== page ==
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In 1951, without his patient’s consent or knowledge, a Johns Hopkins doctor biopsied normal cells and cervical tumor cells. The cells then were shared with Doctor Gey, a Johns Hopkins researcher who, like many, had been trying for decades to grow human cells in the laboratory. Experimenting on human subjects was not an option but lab-grown human cells would allow medical researchers to test drugs, and to research cell growth, disease, and human biology. Unexpectedly, the cervical cancer cells grew in the lab. They became the first immortal cell line—they divide and replicate indefinitely, defying normal cell senescence. Sixty-two years later, those cells continue to replicate. They revolutionized medical research and inspired countless medical advances. See how the cells were prepared and view the cells under a microscope.
The patient whose cells changed medical research, Henrietta Lacks, never knew her cells had been cultured. She never knew her cells were shared with scientists around the world. She did not know that her cells became the basis for countless research projects, helped develop some of modern science’s most valuable medicines, made in vitro pregnancy possible, and spawned a profitable biotech industry. Watch CBS’ Sunday Morning installment highlighting Henrietta Lacks and her immortal gift.
To protect Henrietta Lacks’ identity, her cells were named HeLa. Eventually, other immortal cell lines were developed and given acronyms to protect their sources. However, Lacks’ identity was outted. Her name became known among medical researchers, although she remained uncelebrated. To the rest of the world, Henrietta Lacks’ immortal, pervasive, and invaluable contribution to medicine went largely unknown.
That changed in 2010 when Rebecca Skloot published The Immortal Life of Henrietta Lacks. The book became a best-seller. It introduced readers to Henrietta Lacks and shared both her story and that of the HeLa cell line. It shared Skloot’s own persistent search for more information, and the saga of Henrietta Lack’s descendants, who, twenty years after her death, were shocked to learn that their mother lived on in petri dishes around the world. Read an excerpt from The Immortal Life of Henrietta Lacks.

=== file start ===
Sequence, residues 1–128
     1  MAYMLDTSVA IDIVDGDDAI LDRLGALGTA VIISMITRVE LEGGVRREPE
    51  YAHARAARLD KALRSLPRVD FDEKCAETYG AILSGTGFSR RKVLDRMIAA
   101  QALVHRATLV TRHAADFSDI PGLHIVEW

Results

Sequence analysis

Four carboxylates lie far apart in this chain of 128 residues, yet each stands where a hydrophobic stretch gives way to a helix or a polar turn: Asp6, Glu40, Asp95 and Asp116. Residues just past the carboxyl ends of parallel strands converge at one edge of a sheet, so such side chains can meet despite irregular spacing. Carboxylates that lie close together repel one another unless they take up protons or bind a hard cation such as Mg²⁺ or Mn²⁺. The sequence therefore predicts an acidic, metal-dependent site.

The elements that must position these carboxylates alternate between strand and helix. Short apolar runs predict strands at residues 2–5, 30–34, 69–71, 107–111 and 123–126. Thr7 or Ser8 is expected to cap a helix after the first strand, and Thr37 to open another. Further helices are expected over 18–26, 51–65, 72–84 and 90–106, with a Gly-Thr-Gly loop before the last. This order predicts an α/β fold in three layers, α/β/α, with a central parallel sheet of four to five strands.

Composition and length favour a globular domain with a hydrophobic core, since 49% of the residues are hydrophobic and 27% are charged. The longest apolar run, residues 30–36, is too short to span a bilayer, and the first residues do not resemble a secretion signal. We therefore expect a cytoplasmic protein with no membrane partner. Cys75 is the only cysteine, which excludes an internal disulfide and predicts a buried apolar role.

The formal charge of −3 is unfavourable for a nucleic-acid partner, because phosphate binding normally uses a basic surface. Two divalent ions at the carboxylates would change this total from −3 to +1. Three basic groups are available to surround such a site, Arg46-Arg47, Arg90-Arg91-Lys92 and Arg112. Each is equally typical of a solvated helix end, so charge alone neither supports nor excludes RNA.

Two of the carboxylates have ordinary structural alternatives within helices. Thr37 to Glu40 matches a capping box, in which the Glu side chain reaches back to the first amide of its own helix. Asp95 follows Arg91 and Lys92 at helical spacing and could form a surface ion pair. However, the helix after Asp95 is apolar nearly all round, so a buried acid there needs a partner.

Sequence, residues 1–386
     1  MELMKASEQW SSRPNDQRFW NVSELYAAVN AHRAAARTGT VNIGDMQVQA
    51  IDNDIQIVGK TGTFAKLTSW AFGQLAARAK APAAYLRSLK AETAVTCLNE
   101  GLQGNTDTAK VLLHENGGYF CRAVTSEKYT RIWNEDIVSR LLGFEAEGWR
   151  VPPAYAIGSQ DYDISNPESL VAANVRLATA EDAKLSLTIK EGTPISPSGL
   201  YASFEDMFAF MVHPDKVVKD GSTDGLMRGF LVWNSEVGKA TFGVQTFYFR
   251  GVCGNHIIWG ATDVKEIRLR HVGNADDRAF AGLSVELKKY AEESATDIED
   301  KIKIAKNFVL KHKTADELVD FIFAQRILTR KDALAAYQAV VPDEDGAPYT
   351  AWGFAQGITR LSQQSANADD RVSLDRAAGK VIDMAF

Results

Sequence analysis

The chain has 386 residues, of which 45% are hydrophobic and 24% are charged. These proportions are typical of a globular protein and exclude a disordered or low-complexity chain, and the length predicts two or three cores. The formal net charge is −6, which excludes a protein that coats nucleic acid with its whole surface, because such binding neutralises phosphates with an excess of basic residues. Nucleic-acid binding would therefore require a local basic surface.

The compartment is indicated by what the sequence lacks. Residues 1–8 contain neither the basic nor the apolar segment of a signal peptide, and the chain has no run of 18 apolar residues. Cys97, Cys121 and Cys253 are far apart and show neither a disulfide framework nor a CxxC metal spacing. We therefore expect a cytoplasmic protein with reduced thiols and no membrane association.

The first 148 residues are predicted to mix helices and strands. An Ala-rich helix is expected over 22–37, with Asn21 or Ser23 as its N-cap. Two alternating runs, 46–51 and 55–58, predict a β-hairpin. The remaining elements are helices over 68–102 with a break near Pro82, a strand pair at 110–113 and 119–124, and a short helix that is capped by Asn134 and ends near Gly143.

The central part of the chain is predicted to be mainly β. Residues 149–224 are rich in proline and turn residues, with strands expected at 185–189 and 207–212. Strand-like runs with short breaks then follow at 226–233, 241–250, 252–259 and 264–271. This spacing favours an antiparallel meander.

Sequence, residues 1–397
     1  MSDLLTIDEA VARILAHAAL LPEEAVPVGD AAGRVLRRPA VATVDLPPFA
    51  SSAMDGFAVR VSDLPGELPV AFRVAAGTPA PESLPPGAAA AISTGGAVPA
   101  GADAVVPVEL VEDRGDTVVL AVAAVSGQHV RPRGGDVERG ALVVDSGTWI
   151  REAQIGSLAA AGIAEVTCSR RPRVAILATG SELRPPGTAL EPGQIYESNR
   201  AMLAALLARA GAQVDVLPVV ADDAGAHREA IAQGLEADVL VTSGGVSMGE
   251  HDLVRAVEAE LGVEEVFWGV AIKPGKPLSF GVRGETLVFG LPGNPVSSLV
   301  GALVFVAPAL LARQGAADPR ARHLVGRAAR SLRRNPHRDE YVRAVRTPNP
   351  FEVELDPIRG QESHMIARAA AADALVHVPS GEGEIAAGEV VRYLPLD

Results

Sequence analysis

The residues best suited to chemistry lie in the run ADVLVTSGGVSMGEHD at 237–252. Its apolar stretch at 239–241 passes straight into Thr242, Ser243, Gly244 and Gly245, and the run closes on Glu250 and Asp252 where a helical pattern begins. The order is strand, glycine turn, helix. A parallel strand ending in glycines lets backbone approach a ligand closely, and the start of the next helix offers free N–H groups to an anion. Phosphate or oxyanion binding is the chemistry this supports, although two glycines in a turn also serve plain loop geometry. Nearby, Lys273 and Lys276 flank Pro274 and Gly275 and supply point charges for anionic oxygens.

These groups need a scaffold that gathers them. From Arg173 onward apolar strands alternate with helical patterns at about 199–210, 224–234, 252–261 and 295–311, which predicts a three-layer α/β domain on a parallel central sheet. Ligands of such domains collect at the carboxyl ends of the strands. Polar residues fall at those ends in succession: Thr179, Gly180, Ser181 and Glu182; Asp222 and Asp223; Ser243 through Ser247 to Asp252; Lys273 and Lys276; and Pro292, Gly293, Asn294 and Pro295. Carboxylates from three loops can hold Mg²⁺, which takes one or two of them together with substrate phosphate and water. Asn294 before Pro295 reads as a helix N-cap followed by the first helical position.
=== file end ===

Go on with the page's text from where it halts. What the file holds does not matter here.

Earlier this year, the story of HeLa cells took another turn when a study and corresponding website publicly revealed the genetic sequencing of HeLa cells. Sixty-two years ago, when Henrietta’s cells were cultured without her knowledge or consent, there was no policy of informed consent. Today, medical ethics require informed consent. Henrietta Lacks’ descendants were concerned about the publication of her genetic sequencing because it would reveal information about their genes as well. (Another similar study was expected to be published but has been postponed in response to family concerns.) In an opinion column published in March, author Rebecca Skloot explained the ethical issues and personal stakes.
Last week it was announced that the Lacks family has reached an agreement with the National Institutes of Health that gives them some say about who and how HeLa cells are used. Hear Dr. Collins, Director of the NIH, explain their agreement and why HeLa cells are unique. As part of the agreement, future NIH sponsored research that uses HeLa cells will include an acknowledgment of Henrietta Lacks when it is published. Lacks’ immortal gift now will receive official recognition.
Two generations of Lacks’ descendents have more information at their disposal about their genetic composition than they may care to know. Scientists may not be publishing your genetic sequencing, but new developments in personal genomics make it possible for you to send a cheek swab in to a lab and learn about your genes. Are you interested in knowing what secrets your genes hold? Do you want to know what diseases might be in your future? Would you be willing to share your genome with researchers?
To Joe Public, the possibility of peeking inside your genetic code is both tempting and scary. To researchers, it is an exciting opportunity to understand further disease and human biology, and to improve medical care. Researchers working on the Personal Genome Project hope to gather a data bank of detailed, personal information. Before you sign up, consider some of the ethical questions associated with mapping and manipulating genes. The NOVA episode, Cracking Your Genetic Code, explores the complicated issues that circle personal genomics; watch from 10:01 to 31:26.
More than sixty years after Henrietta Lacks’ death, her many and varied contributions to medicine are beginning to be recognized and appreciated. Her case also continues to inspire rich discussions about medical ethics, race, class, education, and health care. Henrietta Lacks’ immortal cells continue to give us gifts—medical knowledge, improved health care, and sound and compassionate policy.